Ensemble Average

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## Canonical ensemble average

### Classical statistical mechanics

### Quantum statistical mechanics

## Ensemble average in other ensembles

### Microcanonical ensemble

### Canonical ensemble

### Grand canonical ensemble

## See also

This article uses material from the Wikipedia page available here. It is released under the Creative Commons Attribution-Share-Alike License 3.0.

Ensemble Average

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In statistical mechanics, the **ensemble average** is defined as the mean of a quantity that is a function of the microstate of a system, according to the distribution of the system on its micro-states in this ensemble.

Since the ensemble average is dependent on the ensemble chosen, its mathematical expression varies from ensemble to ensemble. However, the mean obtained for a given physical quantity doesn't depend on the ensemble chosen at the thermodynamic limit. The grand canonical ensemble is an example of an open system.

For a classical system in thermal equilibrium with its environment, the *ensemble average* takes the form of an integral over the phase space of the system:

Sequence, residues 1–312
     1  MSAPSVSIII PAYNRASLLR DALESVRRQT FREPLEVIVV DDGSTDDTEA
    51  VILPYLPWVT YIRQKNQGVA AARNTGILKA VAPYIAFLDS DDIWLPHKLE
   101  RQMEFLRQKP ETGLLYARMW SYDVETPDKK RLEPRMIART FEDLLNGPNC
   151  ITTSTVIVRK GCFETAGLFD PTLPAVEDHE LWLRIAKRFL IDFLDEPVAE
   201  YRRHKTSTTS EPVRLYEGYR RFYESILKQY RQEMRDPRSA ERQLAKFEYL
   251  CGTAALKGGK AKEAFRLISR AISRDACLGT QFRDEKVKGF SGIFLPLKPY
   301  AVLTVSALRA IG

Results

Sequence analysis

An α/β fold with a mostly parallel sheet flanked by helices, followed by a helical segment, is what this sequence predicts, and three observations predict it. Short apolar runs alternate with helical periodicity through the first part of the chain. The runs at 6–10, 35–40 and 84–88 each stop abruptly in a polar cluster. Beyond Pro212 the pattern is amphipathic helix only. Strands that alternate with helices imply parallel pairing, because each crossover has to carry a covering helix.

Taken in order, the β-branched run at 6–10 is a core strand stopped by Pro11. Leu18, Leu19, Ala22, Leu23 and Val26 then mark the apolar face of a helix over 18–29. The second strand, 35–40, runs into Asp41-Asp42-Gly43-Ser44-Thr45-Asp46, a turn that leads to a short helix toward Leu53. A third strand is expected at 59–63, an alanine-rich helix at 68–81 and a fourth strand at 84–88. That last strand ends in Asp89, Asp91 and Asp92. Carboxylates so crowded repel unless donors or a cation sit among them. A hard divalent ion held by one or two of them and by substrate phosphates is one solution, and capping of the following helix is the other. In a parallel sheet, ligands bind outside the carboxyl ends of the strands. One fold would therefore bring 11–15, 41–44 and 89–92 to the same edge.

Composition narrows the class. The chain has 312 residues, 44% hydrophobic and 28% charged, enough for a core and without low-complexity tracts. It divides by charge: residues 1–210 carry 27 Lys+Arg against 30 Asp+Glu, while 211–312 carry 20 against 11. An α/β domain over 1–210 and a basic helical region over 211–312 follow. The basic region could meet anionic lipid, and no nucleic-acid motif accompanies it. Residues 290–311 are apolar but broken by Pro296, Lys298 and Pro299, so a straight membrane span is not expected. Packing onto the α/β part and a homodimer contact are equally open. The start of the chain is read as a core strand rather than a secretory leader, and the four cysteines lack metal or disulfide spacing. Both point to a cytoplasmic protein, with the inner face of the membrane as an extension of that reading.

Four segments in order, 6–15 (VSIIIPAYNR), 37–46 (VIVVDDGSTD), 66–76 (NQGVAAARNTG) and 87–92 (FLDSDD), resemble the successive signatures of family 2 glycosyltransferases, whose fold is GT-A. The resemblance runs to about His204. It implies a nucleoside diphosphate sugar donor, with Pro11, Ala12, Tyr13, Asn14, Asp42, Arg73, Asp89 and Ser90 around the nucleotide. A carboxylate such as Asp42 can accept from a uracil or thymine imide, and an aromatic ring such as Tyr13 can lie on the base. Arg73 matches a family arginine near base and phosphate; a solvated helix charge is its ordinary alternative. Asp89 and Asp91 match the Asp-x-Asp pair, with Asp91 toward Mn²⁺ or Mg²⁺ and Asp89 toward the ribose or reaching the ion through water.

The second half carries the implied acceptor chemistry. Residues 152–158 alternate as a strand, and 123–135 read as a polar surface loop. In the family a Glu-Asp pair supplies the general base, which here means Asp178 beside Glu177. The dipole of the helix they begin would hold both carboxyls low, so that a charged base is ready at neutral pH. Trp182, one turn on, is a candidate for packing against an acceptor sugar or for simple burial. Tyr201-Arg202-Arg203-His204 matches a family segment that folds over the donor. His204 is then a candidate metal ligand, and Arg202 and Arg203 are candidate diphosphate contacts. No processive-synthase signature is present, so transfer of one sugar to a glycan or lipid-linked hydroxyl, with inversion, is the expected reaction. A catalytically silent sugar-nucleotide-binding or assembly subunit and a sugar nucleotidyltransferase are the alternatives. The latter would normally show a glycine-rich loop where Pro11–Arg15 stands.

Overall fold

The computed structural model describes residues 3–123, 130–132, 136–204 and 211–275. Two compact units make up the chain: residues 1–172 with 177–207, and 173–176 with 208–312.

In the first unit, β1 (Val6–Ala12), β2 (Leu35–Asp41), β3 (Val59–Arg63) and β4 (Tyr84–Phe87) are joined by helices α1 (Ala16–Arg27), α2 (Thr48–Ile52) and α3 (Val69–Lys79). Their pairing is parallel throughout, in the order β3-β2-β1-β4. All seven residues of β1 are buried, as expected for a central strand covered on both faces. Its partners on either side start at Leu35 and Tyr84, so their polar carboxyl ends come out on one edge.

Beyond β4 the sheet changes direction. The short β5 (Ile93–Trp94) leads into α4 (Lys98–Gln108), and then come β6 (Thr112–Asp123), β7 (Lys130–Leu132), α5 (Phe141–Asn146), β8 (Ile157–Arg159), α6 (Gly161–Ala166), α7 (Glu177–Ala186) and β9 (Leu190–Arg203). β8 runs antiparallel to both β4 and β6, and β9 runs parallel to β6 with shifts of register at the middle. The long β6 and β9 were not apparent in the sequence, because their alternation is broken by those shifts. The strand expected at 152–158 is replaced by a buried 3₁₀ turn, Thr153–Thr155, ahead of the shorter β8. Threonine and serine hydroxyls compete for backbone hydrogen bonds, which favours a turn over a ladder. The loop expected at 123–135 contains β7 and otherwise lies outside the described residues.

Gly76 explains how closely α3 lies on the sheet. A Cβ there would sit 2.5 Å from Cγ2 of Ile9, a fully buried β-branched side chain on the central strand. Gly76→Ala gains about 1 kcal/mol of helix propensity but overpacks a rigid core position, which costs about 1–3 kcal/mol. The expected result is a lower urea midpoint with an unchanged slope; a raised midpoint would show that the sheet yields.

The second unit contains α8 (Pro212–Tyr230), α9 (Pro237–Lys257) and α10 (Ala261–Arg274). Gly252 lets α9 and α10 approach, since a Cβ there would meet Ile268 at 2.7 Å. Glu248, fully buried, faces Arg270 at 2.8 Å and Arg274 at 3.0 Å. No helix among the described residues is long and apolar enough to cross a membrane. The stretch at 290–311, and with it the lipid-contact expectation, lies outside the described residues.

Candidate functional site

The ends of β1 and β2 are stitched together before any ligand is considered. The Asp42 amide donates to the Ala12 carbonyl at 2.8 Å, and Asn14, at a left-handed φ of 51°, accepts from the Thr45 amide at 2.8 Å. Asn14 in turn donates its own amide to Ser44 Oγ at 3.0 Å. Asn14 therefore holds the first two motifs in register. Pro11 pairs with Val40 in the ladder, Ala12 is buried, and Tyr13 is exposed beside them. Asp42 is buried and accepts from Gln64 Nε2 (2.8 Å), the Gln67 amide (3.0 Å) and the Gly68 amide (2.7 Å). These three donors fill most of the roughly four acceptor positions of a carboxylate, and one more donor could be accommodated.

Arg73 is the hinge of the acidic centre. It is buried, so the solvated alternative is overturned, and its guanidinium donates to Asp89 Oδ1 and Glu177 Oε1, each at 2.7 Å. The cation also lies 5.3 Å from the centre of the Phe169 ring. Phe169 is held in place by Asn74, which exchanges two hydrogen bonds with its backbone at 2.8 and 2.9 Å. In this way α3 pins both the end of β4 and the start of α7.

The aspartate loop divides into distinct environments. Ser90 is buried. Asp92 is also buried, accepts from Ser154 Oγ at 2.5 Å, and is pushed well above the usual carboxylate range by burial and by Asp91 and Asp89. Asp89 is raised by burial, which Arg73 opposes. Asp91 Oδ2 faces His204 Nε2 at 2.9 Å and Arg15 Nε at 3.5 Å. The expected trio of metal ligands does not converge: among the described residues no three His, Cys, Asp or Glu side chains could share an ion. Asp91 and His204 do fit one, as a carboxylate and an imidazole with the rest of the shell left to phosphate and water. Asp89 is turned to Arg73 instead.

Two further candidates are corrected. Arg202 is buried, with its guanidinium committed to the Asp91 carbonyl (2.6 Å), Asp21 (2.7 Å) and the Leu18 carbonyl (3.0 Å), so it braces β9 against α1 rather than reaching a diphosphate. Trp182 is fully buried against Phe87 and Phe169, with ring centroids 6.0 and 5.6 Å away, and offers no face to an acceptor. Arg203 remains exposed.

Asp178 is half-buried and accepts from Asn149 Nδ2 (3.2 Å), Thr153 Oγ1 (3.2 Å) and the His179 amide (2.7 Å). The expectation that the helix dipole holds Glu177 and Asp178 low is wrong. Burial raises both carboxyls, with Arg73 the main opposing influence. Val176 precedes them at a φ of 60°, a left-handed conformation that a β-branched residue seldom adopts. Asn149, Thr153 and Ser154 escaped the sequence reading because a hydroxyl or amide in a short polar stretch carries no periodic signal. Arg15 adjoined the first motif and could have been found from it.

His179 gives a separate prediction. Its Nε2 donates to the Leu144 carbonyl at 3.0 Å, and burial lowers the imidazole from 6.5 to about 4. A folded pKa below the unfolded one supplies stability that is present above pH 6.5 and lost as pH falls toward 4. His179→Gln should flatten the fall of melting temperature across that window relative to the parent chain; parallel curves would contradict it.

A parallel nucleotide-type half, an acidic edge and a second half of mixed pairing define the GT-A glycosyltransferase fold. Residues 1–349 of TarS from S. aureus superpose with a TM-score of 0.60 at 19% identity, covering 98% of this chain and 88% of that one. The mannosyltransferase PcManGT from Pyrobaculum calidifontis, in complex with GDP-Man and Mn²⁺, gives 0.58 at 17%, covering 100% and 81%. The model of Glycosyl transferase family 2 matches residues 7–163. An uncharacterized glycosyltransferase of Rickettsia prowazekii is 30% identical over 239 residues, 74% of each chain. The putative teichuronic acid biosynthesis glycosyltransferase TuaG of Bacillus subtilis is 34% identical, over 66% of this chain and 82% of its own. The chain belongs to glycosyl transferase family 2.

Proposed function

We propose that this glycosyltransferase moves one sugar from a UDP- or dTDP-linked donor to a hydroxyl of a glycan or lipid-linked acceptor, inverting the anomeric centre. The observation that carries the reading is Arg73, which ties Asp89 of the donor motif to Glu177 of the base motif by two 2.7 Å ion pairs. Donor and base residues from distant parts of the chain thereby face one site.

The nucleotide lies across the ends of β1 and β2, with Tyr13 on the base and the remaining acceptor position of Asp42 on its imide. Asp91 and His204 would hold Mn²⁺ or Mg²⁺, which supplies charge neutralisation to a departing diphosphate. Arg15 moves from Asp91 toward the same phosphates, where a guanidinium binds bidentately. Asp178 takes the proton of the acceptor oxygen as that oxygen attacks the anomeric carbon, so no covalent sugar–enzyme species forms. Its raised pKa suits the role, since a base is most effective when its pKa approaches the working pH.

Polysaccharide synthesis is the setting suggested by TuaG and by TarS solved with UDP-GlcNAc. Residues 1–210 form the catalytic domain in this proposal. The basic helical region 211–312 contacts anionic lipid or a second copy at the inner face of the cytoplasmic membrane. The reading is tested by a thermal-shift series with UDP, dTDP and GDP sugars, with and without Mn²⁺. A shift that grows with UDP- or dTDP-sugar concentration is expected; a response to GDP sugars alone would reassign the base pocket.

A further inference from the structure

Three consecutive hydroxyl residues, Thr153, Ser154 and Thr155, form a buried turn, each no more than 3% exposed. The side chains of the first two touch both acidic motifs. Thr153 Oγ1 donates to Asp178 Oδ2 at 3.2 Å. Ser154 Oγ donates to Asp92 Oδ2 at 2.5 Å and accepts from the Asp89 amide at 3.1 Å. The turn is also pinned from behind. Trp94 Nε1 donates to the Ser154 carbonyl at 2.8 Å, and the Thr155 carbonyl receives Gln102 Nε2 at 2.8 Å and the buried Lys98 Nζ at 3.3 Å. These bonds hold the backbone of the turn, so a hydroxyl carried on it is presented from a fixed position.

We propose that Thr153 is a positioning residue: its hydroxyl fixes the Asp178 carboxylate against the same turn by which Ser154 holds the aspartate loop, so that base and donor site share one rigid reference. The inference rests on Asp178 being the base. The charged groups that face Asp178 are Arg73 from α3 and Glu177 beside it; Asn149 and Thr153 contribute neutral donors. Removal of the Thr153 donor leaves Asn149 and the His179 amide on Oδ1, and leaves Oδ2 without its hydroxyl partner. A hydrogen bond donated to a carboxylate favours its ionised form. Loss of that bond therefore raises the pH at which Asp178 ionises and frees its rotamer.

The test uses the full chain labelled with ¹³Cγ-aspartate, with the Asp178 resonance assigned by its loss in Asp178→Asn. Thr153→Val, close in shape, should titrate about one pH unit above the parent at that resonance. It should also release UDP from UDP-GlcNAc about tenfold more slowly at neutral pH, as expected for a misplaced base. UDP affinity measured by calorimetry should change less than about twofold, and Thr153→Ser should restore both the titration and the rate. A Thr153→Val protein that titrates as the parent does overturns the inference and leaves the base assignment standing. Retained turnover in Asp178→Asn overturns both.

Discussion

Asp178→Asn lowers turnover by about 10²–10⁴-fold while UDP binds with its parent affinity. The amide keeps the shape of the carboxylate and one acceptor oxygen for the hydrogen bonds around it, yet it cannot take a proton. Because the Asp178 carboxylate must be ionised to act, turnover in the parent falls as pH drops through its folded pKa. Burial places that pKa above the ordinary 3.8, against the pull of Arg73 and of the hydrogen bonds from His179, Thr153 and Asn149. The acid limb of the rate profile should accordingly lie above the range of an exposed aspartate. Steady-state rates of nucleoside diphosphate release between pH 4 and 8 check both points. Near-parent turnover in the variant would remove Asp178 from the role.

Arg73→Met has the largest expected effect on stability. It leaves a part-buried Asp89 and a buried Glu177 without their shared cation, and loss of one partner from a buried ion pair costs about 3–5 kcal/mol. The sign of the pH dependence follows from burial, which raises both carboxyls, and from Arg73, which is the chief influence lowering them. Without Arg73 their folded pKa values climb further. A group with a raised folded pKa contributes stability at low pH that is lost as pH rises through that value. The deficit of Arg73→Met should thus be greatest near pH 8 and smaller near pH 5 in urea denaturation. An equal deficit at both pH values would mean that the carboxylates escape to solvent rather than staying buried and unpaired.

- where:

- is the ensemble average of the system property A,

- is , known as thermodynamic beta,

- H is the Hamiltonian of the classical system in terms of the set of coordinates and their conjugate generalized momenta , and

- is the volume element of the classical phase space of interest.

The denominator in this expression is known as the partition function, and is denoted by the letter Z.

In quantum statistical mechanics, for a quantum system in thermal equilibrium with its environment, the weighted average takes the form of a sum over quantum energy states, rather than a continuous integral:

The generalized version of the partition function provides the complete framework for working with ensemble averages in thermodynamics, information theory, statistical mechanics and quantum mechanics.

The microcanonical ensemble represents an isolated system in which energy (E), volume (V) and the number of particles (N) are all constant.

The canonical ensemble represents a closed system which can exchange energy (E) with its surroundings (usually a heat bath), but the volume (V) and the number of particles (N) are all constant.

The grand canonical ensemble represents an open system which can exchange energy (E) as well as particles with its surroundings but the volume (V) is kept constant.

This article uses material from the Wikipedia page available here. It is released under the Creative Commons Attribution-Share-Alike License 3.0.

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